“Now I think you can safely say the majority of people play games,” he said. “The types of games and the audiences they’re aimed at has broadened dramatically.”


Going into 2021, Zhang said he’s focused on companies developing cooperative games that casual players can enjoy with friends.


“Those kinds of games have a lot of appeal and are particularly suited to a wider population of gamer,” he said.


Telemedicine companies have also benefited from the fact that many people are spending more time at home and may be reluctant to visit health care facilities for matters that aren’t urgent. “Telemedicine boomed dramatically,” Zhang said. “You see a lot of traditional providers getting themselves ready for virtual care.”


Telemedicine boom

Zhang said there’s still plenty of room for telemedicine businesses to expand into smaller clinics that provide more specialized forms of health care.

“I think you’re going to see telemedicine spread into specialty areas that haven’t really done telemedicine and haven’t had to do things differently,” he said.


Still, Zhang said investors should be wary of buying too much into short-term trends or industries that are oversaturated — including telemedicine.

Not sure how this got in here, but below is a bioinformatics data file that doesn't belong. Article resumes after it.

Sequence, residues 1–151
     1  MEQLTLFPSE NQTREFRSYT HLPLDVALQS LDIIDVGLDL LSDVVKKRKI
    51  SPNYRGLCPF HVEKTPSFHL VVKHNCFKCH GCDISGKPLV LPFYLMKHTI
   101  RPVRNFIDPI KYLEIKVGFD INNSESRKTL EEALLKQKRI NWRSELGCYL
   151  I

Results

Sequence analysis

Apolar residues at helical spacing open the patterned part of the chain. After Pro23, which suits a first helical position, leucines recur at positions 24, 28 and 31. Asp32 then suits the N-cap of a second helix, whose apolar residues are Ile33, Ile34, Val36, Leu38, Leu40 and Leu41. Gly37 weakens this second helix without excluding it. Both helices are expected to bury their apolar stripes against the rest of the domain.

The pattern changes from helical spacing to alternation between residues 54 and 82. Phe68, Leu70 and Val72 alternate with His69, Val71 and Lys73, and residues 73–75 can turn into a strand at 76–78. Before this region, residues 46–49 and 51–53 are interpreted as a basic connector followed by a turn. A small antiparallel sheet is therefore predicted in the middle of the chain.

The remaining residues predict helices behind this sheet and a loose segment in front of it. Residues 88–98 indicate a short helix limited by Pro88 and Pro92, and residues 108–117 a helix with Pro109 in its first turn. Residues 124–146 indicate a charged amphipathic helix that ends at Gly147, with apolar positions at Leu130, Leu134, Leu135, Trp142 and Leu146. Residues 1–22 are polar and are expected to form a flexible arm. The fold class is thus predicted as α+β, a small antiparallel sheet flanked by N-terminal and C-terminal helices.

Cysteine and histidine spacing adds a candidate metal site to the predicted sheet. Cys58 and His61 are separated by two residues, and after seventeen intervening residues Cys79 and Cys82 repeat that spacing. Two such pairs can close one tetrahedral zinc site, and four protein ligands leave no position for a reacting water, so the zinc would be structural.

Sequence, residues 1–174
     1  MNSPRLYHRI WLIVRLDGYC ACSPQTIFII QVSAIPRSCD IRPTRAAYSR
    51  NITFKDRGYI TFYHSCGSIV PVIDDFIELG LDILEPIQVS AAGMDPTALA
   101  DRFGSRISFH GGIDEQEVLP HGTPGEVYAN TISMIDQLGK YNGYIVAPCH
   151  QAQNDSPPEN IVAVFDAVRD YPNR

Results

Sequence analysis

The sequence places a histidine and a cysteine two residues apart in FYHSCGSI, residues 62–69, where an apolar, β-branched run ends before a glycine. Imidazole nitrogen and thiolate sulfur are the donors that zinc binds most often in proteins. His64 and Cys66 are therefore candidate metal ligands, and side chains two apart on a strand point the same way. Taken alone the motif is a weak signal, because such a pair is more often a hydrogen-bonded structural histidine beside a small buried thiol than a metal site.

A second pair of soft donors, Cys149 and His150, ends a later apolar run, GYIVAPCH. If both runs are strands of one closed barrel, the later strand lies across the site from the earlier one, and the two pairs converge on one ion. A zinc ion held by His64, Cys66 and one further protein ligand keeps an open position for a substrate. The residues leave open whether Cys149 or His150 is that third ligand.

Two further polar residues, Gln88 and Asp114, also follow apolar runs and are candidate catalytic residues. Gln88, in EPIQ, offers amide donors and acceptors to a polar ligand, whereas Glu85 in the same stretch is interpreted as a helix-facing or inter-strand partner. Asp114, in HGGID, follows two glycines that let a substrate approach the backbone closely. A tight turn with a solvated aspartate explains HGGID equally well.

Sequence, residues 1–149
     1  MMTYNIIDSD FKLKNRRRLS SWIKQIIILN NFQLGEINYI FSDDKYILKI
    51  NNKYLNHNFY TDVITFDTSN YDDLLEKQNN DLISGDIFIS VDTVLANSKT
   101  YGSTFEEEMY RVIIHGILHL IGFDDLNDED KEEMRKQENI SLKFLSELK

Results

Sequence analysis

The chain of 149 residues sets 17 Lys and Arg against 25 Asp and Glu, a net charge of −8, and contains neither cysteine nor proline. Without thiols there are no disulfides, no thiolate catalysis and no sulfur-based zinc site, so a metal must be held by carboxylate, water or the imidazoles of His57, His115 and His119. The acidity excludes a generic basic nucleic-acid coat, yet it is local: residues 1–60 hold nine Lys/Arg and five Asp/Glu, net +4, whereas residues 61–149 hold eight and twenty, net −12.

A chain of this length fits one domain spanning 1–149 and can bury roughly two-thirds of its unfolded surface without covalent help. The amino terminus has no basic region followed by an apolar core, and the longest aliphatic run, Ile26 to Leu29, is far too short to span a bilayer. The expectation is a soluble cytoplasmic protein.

“There’s a lot of existing services out there already,” he said. “If you’re trying to build a (telemedicine) company, it’s going to be really hard. I think you have to branch out and think about what are specialties where a combination of in-person and virtual visits can allow you to capture the life cycle of a patient.”


Struck agrees that some investment trends from 2020 may not pay off in the long term. He said software developers providing tools for remote communication may be overvalued at this point.


“What happens is you see people start to over-index to certain macro trends, and these rounds get very frothy,” he said. “We’re seeing any company based on (Zoom Video Communications Inc.) all of a sudden have a pre-money valuation that doesn’t make any sense.”


While proceeding with caution in certain areas, investors say they are bullish overall on tech for the year ahead.


“I don’t see us investing any less in L.A.,” Zhang said. “We’re more excited than ever about the possibilities and the ecosystem here.”


Keep reading the 2021 Money Issue.